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‘Eureka’ is a reflection on oppression and a sensorial ride into the unknown



A cowboy arrives in a village in search of his daughter, a native policewoman arrests various offenders in a snowy landscape while her niece, a basketball coach, reunites with her grandfather for a decisive journey that will shape her future, a bird flies through time and space and begins to enter the minds and dreams of a native tribe in the Amazon Forest.

Lisandro Alonso’s film, ‘Eureka,’ intricately weaves together three distinct plots set in different parts of the Americas over different eras, presenting us with challenging and thought-provoking transitions across various genres. Alonso himself recommended that viewers shouldn’t try to reason, and rather just allow their senses to be delighted. It is a sensorial ride into the unknown, out in select UK cinemas from February 16. 

The two-and-a-half-hour-long film, presented in Cannes this year and featured at nearly two dozen prestigious film festivals across Europe and the Americas, is the fruit of the Argentinian director’s audacious imagination, fulfilled by a talented international crew of actors and cinematographers. The film uses a hotchpotch of filming techniques and resources, is set in various locations, and brings together both seasoned (Viggo Mortensen) and novice (Adanilo Costa) actors whose performance does not disappoint. 

The cinematography immediately immerses you in the plot. On many occasions the camera shoots from behind; in scenes where an old Native American climbs a mountain or a young man makes his way through the deep of the forest, you feel like you’re right behind them. 

Throughout the film the brilliant use of chiaroscuro cinematography (from the Italian for “light-dark” – the use of strong contrasts between light and dark areas to create visually striking and dramatic effects) helped to establish a clear contrast between virtuousness and vice; good and evil; exemption and atonement; pristine nature and exploitation. 

Eureka Lisandro Alonso
Still from ‘Eureka’

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In all three segments, light and sound effects are instrumental to emphasizing the beauty of unspoiled nature, as well as to reinforce the good nature of the main characters, creating a clever contrast to their oppressive reality and dimmed surroundings, hinting at their hardships. The use of this technique portrays the huge toll that colonization and Western conceptions of progress have taken on native communities and the environment.

This second segment effectively pinpoints grave issues plaguing young people –and specifically Native youth in North America– which are tied up with discrimination and belonging: extreme poverty, drug and alcohol addition, juvenile delinquency, teenage pregnancy, and suicide. Alonso filmed on location in the Pine Ridge Reservation, cast local actors, and decided to shoot in an actual drug house, all of which added an extra dimension of realism to the story. Alaina Clifford, who plays the policewoman Alaina, and Sadie Lapointe, her on-screen niece, are members of the Sioux community here. They play two courageous women who have reached their limit while trying to rescue distressed citizens and reintegrate them into their community.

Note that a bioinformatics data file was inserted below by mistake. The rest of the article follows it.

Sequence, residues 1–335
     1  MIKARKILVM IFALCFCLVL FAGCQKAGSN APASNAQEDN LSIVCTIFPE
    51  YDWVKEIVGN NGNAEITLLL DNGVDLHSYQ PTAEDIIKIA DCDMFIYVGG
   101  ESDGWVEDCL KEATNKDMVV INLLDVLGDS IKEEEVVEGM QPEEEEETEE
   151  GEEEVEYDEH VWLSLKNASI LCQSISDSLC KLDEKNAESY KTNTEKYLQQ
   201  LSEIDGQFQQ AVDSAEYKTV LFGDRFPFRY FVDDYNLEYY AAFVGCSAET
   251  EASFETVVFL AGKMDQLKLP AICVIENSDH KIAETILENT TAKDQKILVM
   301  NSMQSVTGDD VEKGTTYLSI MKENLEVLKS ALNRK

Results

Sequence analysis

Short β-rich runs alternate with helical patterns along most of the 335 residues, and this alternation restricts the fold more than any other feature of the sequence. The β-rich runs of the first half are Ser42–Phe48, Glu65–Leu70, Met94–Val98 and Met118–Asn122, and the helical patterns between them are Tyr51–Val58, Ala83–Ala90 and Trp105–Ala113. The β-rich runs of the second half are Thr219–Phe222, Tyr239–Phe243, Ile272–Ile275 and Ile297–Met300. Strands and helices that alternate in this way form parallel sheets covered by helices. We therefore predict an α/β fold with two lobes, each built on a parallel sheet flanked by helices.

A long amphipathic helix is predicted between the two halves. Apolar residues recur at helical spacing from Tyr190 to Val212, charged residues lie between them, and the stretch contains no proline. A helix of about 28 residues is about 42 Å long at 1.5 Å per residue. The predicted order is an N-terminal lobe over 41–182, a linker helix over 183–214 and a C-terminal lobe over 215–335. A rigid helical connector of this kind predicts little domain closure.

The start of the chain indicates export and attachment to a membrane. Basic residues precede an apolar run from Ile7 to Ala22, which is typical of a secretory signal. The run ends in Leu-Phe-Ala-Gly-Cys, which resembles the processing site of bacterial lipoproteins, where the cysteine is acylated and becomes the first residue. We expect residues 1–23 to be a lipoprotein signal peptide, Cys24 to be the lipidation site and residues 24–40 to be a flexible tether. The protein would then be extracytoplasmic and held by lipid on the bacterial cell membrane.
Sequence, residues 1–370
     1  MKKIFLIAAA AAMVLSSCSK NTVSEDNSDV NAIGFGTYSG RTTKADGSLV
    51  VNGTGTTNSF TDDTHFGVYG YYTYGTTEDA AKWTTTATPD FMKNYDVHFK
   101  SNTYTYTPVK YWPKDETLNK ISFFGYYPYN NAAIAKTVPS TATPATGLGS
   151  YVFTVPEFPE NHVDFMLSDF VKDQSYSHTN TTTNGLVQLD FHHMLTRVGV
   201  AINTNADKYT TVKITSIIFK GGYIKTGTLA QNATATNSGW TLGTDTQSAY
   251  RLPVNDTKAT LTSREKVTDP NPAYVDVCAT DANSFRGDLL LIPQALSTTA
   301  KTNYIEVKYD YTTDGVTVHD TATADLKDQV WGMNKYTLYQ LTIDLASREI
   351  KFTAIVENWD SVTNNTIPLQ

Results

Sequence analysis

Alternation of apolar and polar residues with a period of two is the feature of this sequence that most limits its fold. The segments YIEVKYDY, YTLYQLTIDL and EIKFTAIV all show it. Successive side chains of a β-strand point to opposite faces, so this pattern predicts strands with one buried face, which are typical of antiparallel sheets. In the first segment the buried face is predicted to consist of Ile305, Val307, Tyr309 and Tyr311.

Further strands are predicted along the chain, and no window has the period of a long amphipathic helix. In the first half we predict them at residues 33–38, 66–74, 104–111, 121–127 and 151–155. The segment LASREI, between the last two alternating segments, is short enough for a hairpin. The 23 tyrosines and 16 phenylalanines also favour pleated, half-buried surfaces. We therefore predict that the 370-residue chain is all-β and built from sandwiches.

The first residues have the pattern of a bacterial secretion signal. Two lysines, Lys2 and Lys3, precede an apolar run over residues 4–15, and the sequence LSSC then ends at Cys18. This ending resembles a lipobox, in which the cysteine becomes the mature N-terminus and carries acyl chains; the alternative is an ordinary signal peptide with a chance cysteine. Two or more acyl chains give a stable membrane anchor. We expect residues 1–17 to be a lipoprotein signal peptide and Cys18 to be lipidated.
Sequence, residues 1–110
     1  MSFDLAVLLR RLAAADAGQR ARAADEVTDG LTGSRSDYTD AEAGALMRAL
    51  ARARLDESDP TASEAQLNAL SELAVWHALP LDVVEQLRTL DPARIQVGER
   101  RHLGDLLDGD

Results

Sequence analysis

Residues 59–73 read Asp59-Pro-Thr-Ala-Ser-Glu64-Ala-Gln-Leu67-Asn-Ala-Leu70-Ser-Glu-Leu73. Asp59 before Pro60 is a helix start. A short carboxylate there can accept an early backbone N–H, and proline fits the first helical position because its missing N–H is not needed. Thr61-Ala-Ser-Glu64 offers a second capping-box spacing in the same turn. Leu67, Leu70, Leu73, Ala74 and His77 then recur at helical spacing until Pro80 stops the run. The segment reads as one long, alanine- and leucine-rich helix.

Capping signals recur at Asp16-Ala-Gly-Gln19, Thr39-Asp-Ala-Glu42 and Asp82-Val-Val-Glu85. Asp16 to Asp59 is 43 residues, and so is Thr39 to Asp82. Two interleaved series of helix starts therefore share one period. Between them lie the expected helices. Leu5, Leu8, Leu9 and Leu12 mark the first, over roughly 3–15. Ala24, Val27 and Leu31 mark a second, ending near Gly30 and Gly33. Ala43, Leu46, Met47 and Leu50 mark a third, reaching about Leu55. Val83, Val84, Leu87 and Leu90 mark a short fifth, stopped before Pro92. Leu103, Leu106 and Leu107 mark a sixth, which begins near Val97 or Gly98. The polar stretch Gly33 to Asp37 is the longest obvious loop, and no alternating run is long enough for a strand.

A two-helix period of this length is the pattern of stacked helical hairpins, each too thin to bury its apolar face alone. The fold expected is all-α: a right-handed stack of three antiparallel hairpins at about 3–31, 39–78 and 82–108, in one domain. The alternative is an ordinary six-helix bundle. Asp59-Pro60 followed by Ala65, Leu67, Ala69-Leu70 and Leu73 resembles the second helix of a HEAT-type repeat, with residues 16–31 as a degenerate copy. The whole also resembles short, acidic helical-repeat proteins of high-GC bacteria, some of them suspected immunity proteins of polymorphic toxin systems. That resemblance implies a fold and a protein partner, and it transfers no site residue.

Alonso’s main goal was to cover a huge expanse of time to pinpoint the oppression suffered by native tribes all over the Americas. However, both the initial and concluding segments exhibited a certain lack of depth. The director aspired to capture a black-and-white Western aesthetic, but these star-studded portions border on a somewhat stereotypical caricature. In the third segment, Alonso makes a well-founded reference to the 1970s military government in Brazil, which was a particularly oppressive period for Indigenous people in Brazil, and touches on illegal mining activity, which remains a major source of concern and has caused a devastating impact on deforestation. But some of the details seem off. The clothing worn in this segment isn’t reminiscent of that of a Brazilian tribe. Perhaps this is a result of the Argentinian director’s artistic freedom and organic approach to his work, or of his attentions being focused on exposing with marked realism the harsh reality faced by members of South Dakota’s Pine Ridge Reservation depicted in the second segment of the film – undoubtedly, the most compelling segment of Eureka.

Eureka Lisandro Alonso
Still from ‘Eureka’

Lisandro Alonso allowed his imagination to fly high by literally giving wings to one of his heroines, providing us with a captivating bird’s-eye view into the lives of these Native communities. The only problem is that we’re kept in suspense pending an outcome. I wanted more from the story, yet Alonso left much still to be explored. Hopefully this is not the last we’ll hear from Officer Alaina. She deserves to return in a sequel. She still has a lot to say.  


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